Open Society Institute grantees David Miller and Matt Stevens recently told me of a scenario that occurred in September: A 14-year-old boy returns home after 2 am on a school night. He and his mother get into a shouting match. The academic year isn't a month old, and he's already been kicked out of two schools and is dealing dope. The mother slaps him in fear she's lost control. He reels and strikes her back, harder. After she phones 9-1-1, the police come. So does social services. Her son is arrested. Her other kids are removed from the home. The next morning, the leader of her son's gang threatens to kill her if she ever phones the police on her son again.
This scenario is reminiscent of numerous phone calls and messages (as many as 40-50) that Miller and Stevens receive per day from single-parent mothers around the country in greater or lesser degrees of peril.
The two men co-founded the organization Raising Him Alone as a means of surrounding single-parent, African American mothers with support for raising their sons. It's a comprehensive resource network that includes one of the most innovative models in the country for incorporating the web and social media. (View an example of downloadable parenting strategies.)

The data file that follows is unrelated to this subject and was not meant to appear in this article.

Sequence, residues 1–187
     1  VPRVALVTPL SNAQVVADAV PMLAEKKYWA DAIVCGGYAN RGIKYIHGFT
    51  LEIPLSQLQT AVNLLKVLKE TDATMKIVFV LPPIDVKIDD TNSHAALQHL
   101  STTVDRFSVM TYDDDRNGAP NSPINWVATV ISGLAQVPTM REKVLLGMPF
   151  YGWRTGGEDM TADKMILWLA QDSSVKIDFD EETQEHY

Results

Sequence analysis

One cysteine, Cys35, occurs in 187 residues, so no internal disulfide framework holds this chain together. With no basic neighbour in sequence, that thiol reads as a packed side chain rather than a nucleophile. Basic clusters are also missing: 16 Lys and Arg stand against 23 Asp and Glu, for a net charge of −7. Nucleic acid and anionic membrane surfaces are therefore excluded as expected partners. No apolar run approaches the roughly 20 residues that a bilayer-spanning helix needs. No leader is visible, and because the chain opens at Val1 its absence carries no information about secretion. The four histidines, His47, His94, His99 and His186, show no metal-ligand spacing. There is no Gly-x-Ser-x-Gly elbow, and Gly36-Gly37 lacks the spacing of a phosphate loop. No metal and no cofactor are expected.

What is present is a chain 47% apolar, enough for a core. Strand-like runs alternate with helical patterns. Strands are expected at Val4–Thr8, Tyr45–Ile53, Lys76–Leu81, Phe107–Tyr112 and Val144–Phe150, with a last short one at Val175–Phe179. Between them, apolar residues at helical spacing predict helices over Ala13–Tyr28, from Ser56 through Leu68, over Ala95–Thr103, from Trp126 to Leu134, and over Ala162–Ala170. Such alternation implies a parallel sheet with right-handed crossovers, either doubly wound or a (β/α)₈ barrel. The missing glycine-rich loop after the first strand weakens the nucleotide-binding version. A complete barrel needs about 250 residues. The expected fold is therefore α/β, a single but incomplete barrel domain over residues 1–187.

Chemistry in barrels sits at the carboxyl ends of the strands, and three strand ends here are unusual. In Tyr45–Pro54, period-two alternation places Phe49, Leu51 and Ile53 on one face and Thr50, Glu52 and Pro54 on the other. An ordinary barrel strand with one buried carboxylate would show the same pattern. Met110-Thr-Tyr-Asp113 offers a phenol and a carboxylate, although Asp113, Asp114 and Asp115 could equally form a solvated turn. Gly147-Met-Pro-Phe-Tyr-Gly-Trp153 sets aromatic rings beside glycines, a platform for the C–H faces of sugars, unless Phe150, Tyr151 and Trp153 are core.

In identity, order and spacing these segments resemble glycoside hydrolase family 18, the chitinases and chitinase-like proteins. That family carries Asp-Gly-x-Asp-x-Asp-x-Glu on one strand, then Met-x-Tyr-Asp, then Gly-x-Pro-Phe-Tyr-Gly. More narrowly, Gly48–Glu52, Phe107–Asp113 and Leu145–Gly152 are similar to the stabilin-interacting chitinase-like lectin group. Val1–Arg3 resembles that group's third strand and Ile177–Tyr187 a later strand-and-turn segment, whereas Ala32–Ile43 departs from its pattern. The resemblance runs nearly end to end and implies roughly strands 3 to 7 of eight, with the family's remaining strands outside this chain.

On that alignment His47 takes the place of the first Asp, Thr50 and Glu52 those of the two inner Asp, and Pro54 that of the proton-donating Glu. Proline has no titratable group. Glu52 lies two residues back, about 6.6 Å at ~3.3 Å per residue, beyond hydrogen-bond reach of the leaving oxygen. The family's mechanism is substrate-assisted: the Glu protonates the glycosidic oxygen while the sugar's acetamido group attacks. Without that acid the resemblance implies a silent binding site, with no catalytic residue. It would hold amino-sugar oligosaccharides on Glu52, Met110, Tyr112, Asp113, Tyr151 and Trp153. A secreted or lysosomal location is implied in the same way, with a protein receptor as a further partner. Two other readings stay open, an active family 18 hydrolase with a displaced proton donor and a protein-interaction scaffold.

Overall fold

I profiled Raising Him Alone as part of the Open Society Institute's Campaign for Black Male Achievement, which seeks to create better economic, social, educational, and political life outcomes for African American men and boys. But many of the challenges to which Raising Him Alone responds reflect broader dynamics between men and women.
The impact is higher in African American communities because of structural forces (racially based, I might add, but that could be fodder for many more entries) that have caused approximately two of every three households to be led by single-parent mothers. But single-parent motherhood, and its challenges, isn't isolated to African American communities.
In fact, Miller and Stevens said they've received nearly as strong of a response from white single-parent mothers, despite the program's focus on African Americans. The demand for help is so high that Miller and Stevens receive calls from as far away as Phoenix, Seattle, and even New Zealand.
What about society tends to force women to raise their sons alone? What are the most crucial causes? How can we change? Why aren't we doing so? Why must African American communities suffer the most from this?
Clearly, the answers are too complex to be answered in a blog entry.
But I'd like to hear more of a conversation about this in philanthropy. I believe somewhere at the root is the need to find the intersection of healthy masculinity and feminist theory.